Put those trail cameras to use to learn where blacktails feed, travel and bed. Just because the season has started doesn't mean you should quit using trail cameras. You've done all that work scouting in July and August and, hopefully, you have found some bucks to hunt. Now that the bucks have shed their velvet, and their movements have become more restricted, the challenge lies in figuring out where they are.

This time of year, bucks will be near where you initially located them in summer, but they have likely retreated into thicker brush and possibly into shaded draws near water. Trails in these areas are where you want to hang your cameras to discover where the deer have relocated.

A big blacktail buck rarely uses the same trail on consecutive days this time of year.

They'll likely bed and feed in the same area, but they'll typically get to these points on different routes. If you're after a big buck but are only capturing small bucks on your trail camera, remember that these insubordinate bucks often move ahead of a big buck. The big buck will follow, but he's often several yards behind and to the side of them on a different trail or on no trail at all.


Calls and scents are tools many blacktail hunters equate with pre-rut and peak-rut hunting. Typically, calls and scents aren't used until late October, through all of November, and into December.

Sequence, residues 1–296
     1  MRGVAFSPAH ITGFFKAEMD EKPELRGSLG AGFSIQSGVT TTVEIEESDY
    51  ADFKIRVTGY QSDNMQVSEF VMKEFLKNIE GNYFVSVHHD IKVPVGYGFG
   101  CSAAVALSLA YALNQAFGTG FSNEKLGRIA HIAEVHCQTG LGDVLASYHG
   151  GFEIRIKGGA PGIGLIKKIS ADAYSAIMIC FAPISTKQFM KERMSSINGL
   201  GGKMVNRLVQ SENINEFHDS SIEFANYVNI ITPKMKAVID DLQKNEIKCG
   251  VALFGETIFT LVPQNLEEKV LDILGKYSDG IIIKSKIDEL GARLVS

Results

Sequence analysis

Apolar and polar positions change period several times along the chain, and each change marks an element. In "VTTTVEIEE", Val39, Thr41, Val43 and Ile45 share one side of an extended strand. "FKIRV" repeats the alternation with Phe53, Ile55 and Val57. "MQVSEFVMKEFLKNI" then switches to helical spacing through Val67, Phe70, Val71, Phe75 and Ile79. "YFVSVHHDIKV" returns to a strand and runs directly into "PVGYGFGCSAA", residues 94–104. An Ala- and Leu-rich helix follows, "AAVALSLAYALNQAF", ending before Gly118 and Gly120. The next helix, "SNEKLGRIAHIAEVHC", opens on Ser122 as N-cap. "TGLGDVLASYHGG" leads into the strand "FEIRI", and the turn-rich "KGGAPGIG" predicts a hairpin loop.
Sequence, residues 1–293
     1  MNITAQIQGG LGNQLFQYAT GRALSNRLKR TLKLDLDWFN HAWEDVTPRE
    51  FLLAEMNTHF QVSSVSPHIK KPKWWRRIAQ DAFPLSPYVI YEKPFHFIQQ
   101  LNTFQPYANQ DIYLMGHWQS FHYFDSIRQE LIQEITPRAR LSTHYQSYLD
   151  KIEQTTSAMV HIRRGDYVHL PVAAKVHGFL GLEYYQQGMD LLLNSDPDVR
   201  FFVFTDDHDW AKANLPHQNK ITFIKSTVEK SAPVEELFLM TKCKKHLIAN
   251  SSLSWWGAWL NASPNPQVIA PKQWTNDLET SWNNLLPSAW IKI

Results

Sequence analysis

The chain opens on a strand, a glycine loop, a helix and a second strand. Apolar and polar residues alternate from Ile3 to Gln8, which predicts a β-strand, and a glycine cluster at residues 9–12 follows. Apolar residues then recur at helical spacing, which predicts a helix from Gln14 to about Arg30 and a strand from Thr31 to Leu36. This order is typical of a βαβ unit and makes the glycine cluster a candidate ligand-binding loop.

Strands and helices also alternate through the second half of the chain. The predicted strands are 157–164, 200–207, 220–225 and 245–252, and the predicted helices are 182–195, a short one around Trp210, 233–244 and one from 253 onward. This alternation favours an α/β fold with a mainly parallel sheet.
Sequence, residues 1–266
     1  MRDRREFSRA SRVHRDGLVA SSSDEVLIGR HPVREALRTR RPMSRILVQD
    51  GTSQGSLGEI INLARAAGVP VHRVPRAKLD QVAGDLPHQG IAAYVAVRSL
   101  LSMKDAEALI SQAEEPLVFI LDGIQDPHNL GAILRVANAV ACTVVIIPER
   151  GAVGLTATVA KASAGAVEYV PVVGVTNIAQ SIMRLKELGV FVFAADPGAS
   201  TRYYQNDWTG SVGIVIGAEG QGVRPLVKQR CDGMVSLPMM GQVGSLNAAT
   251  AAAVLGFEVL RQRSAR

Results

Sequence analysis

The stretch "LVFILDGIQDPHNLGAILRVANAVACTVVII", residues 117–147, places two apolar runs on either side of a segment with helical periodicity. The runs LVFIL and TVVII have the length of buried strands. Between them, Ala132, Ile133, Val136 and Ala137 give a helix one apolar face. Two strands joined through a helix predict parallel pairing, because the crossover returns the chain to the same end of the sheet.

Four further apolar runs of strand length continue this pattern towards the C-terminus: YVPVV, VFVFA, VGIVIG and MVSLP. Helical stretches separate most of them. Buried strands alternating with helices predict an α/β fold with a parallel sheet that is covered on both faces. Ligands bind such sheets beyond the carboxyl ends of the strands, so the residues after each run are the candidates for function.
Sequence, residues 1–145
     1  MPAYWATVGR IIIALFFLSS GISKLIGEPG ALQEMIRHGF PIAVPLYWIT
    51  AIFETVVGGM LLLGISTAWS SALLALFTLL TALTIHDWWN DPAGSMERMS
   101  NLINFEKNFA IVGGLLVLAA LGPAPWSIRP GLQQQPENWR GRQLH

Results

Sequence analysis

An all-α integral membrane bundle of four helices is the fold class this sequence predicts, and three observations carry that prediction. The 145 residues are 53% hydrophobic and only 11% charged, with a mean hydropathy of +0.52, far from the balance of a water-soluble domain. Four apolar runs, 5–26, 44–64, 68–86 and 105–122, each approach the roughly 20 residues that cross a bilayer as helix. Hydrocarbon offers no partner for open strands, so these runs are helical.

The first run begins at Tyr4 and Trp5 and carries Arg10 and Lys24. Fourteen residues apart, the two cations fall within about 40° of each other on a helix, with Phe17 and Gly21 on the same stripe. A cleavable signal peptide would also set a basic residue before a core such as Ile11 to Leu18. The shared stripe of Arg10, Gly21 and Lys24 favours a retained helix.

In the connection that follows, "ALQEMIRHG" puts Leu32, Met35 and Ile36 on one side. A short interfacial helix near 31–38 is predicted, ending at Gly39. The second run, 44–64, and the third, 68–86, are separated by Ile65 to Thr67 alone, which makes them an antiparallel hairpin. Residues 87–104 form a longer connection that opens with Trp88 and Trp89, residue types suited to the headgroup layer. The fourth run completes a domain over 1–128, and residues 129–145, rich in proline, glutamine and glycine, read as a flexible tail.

However, once a blacktail buck sheds the velvet from his rack, he's entering a state of pre-rut.

As daylight hours continue to dwindle and testosterone production rises, bucks start paying closer attention to other deer around them. They know the bachelor herd of bucks they hung out with all summer are there, but they also know more bucks might show up, especially if doe densities are high.

If doe numbers are high, and fawn recruitment is solid in your hunting area, the early season is a great time to employ fawn distress calls. These calls will sometimes bring in concerned does on the run. Curious bucks often will follow. Use a fawn decoy in conjunction with the fawn distress sounds to bring deer right to you. Montana Decoy Co. makes a great-looking fawn decoy that's light, easy to carry and works on blacktails. Using calls and a decoy from a treestand optimizes your visibility and shot opportunity.

Adding deer urine to this setup can also be effective in helping attract bucks to within shooting range. As with calling, urine is usually looked at as a late-season hunting tool, but with bucks already entering pre-rut mode, an estrus blacktail urine can be just what it takes to arouse a buck's interest.

I worked two years with chemists to develop a gel-based blacktail urine that features built-in stabilizers. This means the urine will smell fresh in the bottle for years and, when placed in the field, will be active for days, not hours. On wet days the gel will keep the scent fresh for at least four days. On hot days, the gel slows the evaporation process, meaning it works longer than straight liquid urine.

This September, play the wind, monitor blacktail movements throughout the season, and think outside the box. One thing I've learned through decades of hunting blacktails is, there's always something to learn, no matter when or where you hunt these grand deer.